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Saturday, August 27
by FoxnWolf on Sat 27 Aug 2011 11:17 BST
Royal Marine with 30 years' service faces new battle
"to keep family home"
An Angus marine who is being forced from his home after taking a desk job to
look after his cancer-stricken wife has resigned
A civil summary cause case — taken in the name of Lord Wallace of Tankerness against David Millard — called at Arbroath Sheriff Court on Monday.
It was continued until October — but if the application is granted then it would give the couple and their two children, Mollie (11) and Cameron (9), four weeks to move out of their semi-detached East Muirlands Road home, which is owned by the armed forces.
Mr Millard said he could not comment on the ongoing proceedings. However, his wife said the eviction fears have put added strain on her own failing health and home life.
Mrs Millard, who is preparing to go into Ninewells Hospital for treatment, said: "This has put a real strain on our relationship — we're now two different people. That's the reason why he had to put his notice in, because I couldn't stick it any more.
"The Royal Marines was his entire life — the amount of devotion he still gives them considering what he's getting back is unbelievable. Through all the bad weather we had last year he would drive as far as he could to Edinburgh and kept a mountain bike in the boot to make sure he got in to the office. He did his cruciate ligament on Christmas Eve and was meant to have six weeks off work then rehabilitation and he went straight to his work on January 6.
"The kids have only really known this house. It's been extremely stressful because we don't know when we could be put out of the house. That's what terrifies me."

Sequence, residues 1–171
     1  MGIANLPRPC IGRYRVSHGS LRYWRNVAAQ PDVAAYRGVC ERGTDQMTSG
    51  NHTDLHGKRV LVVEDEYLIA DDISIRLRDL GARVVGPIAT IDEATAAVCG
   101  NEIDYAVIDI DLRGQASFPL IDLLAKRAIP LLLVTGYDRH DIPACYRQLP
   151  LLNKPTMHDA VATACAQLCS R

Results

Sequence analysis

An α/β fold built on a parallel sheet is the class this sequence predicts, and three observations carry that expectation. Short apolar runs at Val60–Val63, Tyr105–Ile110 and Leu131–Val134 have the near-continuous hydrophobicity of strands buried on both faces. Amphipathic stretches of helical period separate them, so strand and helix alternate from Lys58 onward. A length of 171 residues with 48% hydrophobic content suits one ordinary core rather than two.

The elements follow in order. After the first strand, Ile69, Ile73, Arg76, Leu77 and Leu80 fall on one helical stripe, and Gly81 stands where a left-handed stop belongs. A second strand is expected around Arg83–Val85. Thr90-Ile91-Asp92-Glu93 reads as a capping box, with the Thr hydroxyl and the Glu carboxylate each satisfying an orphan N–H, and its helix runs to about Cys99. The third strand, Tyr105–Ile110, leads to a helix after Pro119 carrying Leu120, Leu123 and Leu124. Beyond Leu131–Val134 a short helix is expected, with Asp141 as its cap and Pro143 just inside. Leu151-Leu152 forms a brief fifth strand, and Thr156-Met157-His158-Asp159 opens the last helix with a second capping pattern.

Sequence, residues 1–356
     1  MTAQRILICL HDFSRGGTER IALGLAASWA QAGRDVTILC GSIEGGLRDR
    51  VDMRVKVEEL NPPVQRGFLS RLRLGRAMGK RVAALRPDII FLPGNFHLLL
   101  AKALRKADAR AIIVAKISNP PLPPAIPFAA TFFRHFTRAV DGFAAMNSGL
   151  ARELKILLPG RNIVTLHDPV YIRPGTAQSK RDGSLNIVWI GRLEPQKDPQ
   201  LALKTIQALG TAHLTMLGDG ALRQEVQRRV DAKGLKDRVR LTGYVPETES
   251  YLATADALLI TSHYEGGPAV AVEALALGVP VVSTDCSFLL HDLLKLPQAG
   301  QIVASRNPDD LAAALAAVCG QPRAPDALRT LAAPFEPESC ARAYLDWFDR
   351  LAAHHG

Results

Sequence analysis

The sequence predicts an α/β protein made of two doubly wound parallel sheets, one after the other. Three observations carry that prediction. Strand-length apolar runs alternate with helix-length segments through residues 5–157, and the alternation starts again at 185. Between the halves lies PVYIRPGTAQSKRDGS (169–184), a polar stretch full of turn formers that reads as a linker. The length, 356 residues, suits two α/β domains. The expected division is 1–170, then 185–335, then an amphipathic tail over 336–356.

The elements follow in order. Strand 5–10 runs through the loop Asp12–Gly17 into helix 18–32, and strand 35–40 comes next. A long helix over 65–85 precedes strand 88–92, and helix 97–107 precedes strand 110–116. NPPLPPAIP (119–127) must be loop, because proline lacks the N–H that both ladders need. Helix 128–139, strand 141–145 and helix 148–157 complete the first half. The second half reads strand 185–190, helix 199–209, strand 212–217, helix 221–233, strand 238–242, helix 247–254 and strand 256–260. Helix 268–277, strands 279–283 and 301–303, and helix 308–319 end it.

In 2006, Mrs Millard was diagnosed with cancer and her spine had started to crumble. Due to late diagnosis, there is little that can be done to treat her condition.
Mr Millard took a position in a military recruitment office so he could be closer to his family when his wife took ill. He has now been taken to court because, according to government rules, he no longer qualifies for the service accommodation.
Mrs Millard said it makes no sense to kick them out of their home of eight years. It has been adapted to include special bathroom and kitchen fittings and a stairlift and she says it would cost £40,000 to put the home back to the way it was.
"This is my home — this is where my children belong. We don't want to leave but it's looking inevitable that we will be forced out," Mrs Millard added. "They are going to put us out of this house and it will cost them almost £40,000 to put it back to the way it was.
"They are willing to put us out on the street and we are paying full market rent of £500 and our council tax on top of it. It makes much more sense to keep us here."
A spokesman for the MoD said, "MoD properties in the local area are for entitled service personnel. The MoD has a duty to ensure members of the armed forces and their families are provided with suitable accommodation to meet their specific requirements.
"This particular property is subject to an ongoing court case and it would be inappropriate to comment further."
The couple have begun looking at other places to live if the worst was to happen.
Mrs Millard said: "We've tried every avenue to look at other places to live — landlords in the private rental sector are not willing to allow us to convert and lose the rentable capability of that property if we change it.
"Buying is an option but we can't afford it just now with the way the market is. We want to stay in Arbroath and even my children's teachers at Muirfield Primary School don't think it would be good to uproot them."
Mollie and Cameron won Children of Courage awards two years ago for the massive role they play looking after their mum.